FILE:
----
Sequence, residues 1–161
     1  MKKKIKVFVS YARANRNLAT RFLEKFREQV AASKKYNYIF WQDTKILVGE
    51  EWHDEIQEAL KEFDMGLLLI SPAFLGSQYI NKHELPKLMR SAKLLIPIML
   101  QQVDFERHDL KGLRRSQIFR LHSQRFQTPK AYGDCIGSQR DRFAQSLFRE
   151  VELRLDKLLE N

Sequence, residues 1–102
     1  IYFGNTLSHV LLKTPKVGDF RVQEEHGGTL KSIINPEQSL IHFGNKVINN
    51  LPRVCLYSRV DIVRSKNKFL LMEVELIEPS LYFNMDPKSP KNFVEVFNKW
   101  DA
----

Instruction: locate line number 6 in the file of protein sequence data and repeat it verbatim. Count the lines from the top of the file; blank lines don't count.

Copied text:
Sequence, residues 1–102